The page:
Monday, February 18, 2013

Stove Project: Part Three

Stove building!
If you will remember where we left off last time. I could not find a mason in my community that wanted work. One Alex's masons took other work and the other mason did not feel it was worth his time to travel down to my site everyday to work. Cue massive freak out. I called TWP and explained the situation. I told them how our main mason flaked out and the other mason did not want to work down here. They were calm and helped me work through some options I had. They did not want to come back up and train another mason. They said I could find someone myself and have Alex's other mason train the new guy, or their mason could come up and work for me for a couple of weeks. The second option did not sound ideal because I would have to house this guy for weeks on end, feed him meals, pay his transport and pay him to build the stoves. It would end up costing me much more than I had planned.

She is happy about her stove, I swear.
I reached out to my community once more. This time though I came back with more success. I found Don Martin. Melida and I went over to his house and basically begged him to take on this project. He agreed and the next morning we set off for Alex's site so his mason could train mine. Masons training masons, that's what we call sustainable people.

To shorten the longest story ever, I will cut through the suspense. Don Martin got trained and he has built 22 (!) stoves. This is where we are at right now. I don't mean to say that it has been smooth sailing, because it has not. But we were trucking along at a pretty smooth pace for about a month there.After the first 10 stoves we ran out of materials. I am not exactly sure what I was thinking when I only ordered the materials for 10 stoves, but I am sure I was probably thinking I did not want to dig myself into too big of a hole if this project was going to fail. So I had to go through the whole ordeal of ordering the materials for 20 more stoves. Thank goodness it was much easier the second time around.

This is what materials for 20 stoves looks like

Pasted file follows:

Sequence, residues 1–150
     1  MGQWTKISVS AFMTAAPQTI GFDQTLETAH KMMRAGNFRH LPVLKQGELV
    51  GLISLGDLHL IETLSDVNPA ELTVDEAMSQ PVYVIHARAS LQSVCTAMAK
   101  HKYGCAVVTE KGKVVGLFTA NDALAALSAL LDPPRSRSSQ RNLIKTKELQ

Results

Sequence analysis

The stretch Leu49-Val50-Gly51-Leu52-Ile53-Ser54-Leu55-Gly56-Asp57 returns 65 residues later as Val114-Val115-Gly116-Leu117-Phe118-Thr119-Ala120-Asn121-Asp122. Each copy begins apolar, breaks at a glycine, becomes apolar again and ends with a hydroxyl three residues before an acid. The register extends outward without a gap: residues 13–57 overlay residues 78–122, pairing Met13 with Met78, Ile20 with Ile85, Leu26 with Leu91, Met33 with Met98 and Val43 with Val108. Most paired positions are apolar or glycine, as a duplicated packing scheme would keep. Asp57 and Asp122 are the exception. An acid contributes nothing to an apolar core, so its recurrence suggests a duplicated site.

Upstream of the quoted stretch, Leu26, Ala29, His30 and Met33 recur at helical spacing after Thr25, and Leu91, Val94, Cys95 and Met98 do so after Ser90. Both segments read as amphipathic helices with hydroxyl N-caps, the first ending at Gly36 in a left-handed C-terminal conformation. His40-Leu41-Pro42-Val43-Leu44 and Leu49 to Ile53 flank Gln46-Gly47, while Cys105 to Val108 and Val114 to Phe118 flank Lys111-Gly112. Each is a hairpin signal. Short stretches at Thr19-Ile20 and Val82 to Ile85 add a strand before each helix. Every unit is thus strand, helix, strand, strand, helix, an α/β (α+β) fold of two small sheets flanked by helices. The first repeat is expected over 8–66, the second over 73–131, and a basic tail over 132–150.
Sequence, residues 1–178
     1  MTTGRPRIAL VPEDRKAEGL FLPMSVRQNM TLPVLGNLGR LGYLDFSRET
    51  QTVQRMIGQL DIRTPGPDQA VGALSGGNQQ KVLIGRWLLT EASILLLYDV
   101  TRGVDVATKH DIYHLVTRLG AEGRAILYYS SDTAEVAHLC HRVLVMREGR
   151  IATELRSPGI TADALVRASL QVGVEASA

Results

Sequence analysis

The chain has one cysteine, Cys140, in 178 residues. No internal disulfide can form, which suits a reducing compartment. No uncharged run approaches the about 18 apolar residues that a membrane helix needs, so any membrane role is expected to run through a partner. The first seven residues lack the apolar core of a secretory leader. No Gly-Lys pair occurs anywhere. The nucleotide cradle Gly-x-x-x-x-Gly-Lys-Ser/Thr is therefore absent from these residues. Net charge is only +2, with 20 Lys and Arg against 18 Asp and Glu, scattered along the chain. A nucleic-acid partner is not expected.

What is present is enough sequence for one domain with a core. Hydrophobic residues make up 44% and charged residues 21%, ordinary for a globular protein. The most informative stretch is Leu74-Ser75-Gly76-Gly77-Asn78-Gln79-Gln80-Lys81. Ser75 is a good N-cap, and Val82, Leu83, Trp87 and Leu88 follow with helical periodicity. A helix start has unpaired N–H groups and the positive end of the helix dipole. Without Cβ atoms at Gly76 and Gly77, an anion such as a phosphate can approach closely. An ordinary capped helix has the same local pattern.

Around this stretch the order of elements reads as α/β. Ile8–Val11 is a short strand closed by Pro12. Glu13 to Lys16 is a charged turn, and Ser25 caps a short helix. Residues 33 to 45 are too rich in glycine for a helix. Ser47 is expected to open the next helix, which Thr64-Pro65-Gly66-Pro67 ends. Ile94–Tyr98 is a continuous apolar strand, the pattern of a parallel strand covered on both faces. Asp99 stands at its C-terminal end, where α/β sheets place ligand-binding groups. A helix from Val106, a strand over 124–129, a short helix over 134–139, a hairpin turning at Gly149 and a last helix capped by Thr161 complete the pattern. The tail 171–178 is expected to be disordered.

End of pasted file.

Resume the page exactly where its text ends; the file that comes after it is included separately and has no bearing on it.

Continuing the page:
I did have a freak out about eight stoves in because I felt overwhelmed with all of the small details that seemed to be going wrong. Like I said most of the stove materials are donated or paid for with grant funds. But the families have their part to contribute or the stoves could not be made. They are responsible for coming up with one bucket of sifted colored dirt, three buckets of sifted ash, they must sift the sand they pick up at my house, they must provide a helper for the mason the day the stove is being made and lastly they must pay $20. (The $20 is important for many reasons. First off it gives them a sense of ownership over the stove, making them want to take better care of it. Secondly not all of stove materials are covered in the grant or are donated, this helps cover some of the extra costs. It also pays the mason who is building the stoves.)

 It is shocking how hard it can be for some people to get their act together. For example one of the family contributions is three buckets of sifted ash. Ok I get that three buckets is a hell of a lot of ash. But these families have known this was their responsibility for months. Literally everyone in my community has ash. Everyone. Just go ask your neighbor to save some ash for you. Melida found two buckets of ash the morning her stove was made. (This is not recommended, she thought only one bucket was needed and had a minor freak out when I told her she needed two more.) It is easy, you just have to have a little forethought.

Any who when the families are not prepared Don Martin gets frustrated because he cannot build that stove and he looses work. Often this could be remedied if he would just pick up the phone and call me, because I often have a second family who is ready. But often he just sulks and does not call me. (I also have a sneaking suspicion that he may be illiterate, so maybe he just can't find my name in he phone?) Then there is all of the behind my back gossip about how he is threatening to quit. But when ever I approach him he acts as though everything is fine and dandy. Whatever I would say, just as long as he sticks it out and does not quit before the project is over.

So here we are. I have about three weeks left in site, and eight stoves to go. Keep reading to learn about the latest plot twists.

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